Archive for the ‘France’ Category

Packing for comfort

January 3, 2011

We must think of ways to make ourselves as comfortable as possible on flights these days, because the airlines won’t do it for us. And when I say airlines, I don’t mean the attendants. Attendants on our flights last year, including Delta/KLM to Amsterdam, Air France from Paris, and Southwest to or from anywhere (I love Southwest), were all competent, friendly and professional; it isn’t there fault that American didn’t offer even a pretzel on our flight to Chicago – not one, tiny pretzel.

So, on the flights for our garden tours this year (Northeast gardens, May 14-22; northern France and Paris, June 19-30), we must do what we can for ourselves. When I fly, I try to keep food, drink, and entertainment self-contained, because I don’t want to end up climbing on someone’s head just to get to my bag out of the overhead compartment (and I hope you won’t do that to me).

Because my entertainment options are limited and, probably to most, archaic, I’ll just say that I’ve got my (older generation) iPod loaded with an audio book, and an actual paperback book that will fit in my purse. (I confess to asking Leighton to take anything heavier in his carryon).

A bottle of water is essential (bought as soon as I get through security). Yes, they will offer water on the plane, but it’s a small thing to carry … just in case.

Overseas flights still offer food, which I believe is more to keep us occupied than anything else, but even on long flights I take along a chocolate bar or two for us, plus a bag of toasted almonds/dried cranberries. I wish I could pop a few protein bars in my purse, but I am allergic to all nuts except almonds, and I am also allergic to peanuts; so far I haven’t seen a protein bar that wasn’t full of peanut butter or walnuts. Feel free to recommend a brand that suits my needs.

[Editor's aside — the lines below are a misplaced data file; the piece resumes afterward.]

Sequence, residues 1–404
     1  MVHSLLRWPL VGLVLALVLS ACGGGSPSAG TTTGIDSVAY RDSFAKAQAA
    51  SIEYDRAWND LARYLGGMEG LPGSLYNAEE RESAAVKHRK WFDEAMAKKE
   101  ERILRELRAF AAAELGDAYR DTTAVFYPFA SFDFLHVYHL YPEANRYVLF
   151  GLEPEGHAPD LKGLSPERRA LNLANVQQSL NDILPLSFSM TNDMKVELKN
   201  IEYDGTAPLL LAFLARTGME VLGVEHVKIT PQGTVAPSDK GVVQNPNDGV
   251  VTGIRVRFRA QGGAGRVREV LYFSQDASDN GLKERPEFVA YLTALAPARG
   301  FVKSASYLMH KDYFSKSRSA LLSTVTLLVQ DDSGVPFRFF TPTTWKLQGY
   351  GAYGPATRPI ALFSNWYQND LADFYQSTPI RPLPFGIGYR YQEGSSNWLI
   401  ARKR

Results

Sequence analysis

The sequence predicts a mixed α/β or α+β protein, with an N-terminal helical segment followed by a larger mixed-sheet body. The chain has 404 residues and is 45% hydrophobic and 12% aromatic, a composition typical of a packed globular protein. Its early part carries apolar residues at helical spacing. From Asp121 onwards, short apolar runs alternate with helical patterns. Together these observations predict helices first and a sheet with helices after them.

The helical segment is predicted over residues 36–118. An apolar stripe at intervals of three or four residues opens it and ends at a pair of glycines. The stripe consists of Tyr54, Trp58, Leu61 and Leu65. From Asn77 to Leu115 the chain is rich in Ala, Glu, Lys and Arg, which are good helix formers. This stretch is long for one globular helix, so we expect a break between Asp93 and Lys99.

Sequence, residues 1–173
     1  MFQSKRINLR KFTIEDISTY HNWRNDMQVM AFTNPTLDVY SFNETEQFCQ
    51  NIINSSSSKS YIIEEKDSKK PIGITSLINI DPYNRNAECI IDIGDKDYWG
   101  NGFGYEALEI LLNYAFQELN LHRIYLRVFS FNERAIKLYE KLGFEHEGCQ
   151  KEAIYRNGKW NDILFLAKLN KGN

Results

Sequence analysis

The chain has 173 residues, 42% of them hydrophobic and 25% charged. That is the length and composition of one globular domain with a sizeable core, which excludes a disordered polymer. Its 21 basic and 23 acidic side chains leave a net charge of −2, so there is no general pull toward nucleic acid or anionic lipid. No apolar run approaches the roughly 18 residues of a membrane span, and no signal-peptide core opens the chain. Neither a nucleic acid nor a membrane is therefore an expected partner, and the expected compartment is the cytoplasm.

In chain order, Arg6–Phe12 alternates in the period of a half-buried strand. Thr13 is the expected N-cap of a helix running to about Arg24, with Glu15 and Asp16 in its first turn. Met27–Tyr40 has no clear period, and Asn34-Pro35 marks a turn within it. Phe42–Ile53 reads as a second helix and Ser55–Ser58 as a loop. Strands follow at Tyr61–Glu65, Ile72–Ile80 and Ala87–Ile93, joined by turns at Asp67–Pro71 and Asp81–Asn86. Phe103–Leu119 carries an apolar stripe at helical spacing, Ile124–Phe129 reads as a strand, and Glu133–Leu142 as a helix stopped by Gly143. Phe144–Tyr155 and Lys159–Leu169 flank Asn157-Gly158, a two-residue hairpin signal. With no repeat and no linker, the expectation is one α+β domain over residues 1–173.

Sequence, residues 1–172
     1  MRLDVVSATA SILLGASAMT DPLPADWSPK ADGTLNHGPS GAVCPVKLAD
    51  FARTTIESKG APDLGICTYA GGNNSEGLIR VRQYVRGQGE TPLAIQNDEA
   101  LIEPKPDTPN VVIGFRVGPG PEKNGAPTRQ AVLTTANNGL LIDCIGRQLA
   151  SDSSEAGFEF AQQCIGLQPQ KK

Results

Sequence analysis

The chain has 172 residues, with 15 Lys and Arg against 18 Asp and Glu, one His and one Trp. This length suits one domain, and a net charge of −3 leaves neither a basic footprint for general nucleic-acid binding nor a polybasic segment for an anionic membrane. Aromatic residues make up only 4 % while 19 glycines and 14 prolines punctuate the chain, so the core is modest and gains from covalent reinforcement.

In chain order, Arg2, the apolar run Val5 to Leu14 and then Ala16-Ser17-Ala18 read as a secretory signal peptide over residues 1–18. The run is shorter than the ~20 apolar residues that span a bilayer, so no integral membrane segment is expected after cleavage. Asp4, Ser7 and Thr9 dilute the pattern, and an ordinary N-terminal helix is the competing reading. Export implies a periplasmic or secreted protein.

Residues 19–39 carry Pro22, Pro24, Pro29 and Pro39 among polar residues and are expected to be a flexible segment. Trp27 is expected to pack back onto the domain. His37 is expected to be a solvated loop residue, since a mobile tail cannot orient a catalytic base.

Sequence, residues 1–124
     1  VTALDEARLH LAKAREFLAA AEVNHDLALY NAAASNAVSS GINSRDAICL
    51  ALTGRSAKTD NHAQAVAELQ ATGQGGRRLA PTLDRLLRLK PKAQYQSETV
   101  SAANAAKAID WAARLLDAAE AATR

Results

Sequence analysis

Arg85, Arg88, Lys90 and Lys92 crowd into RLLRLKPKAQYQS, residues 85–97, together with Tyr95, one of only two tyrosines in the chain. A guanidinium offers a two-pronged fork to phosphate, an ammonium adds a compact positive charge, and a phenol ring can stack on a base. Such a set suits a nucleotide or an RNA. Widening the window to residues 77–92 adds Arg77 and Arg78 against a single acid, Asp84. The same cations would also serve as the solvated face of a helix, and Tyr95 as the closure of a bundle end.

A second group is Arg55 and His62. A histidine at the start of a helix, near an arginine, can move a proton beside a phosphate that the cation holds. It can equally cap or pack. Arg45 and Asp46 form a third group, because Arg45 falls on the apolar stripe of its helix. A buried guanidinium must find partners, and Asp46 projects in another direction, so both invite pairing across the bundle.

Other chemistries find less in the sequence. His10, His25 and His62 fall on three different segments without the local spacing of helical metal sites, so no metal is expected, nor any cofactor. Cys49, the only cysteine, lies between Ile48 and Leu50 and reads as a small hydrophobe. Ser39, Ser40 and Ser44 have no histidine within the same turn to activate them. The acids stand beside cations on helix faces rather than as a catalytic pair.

Dear airlines: look out. When Southwest begins flying overseas (I’ve heard this is a possibility), I will be first in line – OK, maybe not the very first, but I will pay for Early Bird check-in and be in the A line for sure) even if I have to pack my own fried chicken and potato salad for nine-hour flight.



Botany is everywhere

December 30, 2010

fior di lisi

The fleur-de-lis is a familiar symbol of all things French, from heraldry to Joan of Arc, so I was surprised to see the symbol in Siena, Italy as the fior di lisi. It’s the coat of arms for Florence, and so also appears in Siena, because Florence is the capital of Tuscany (our guide and friend Antonella is fiercely loyal to Siena, and so likes to downplay that last fact).

The Italian symbol appeared on coins minted in Florence in the 12th century – the same time it appeared on coins in France (thanks to this interesting site for the info: But look carefully at the two symbols and you’ll see that the Italian version shows stamen sticking out of the flower.

And what is that flower? It’s commonly known as a lily, but doesn’t look like any lily I’ve ever seen, unless someone has purposely bent back the petals to make it look like an iris. That is the alternate interpretation – that it’s an iris; now, which makes much more sense, because you can see the falls (petallike structures bending down) and a standard (petallike structure sticking up) so clearly. The fleur-de-lis, known as the golden lily, appears to be Iris pseudoacorus – the yellow flag of marshy ground and water’s edge in Europe.

Except for those stamen in the Italian version. Stamen don’t stick out of an iris; the bees need to land on the fall (which is fuzzy in bearded iris) and crawl in. Maybe the Italians just wanted to set themselves apart from the French, and so they added the floral structure to mark the Florentine fior di lisi. Regardless, it’s always good to see botany getting its due through the many centuries of heraldry and religious symbols.

Next summer, we’ll check out the French version on our tour of Normandy,


Brittany, and Paris, where we may indeed see a few real lilies and irises. Here are the details of the tour.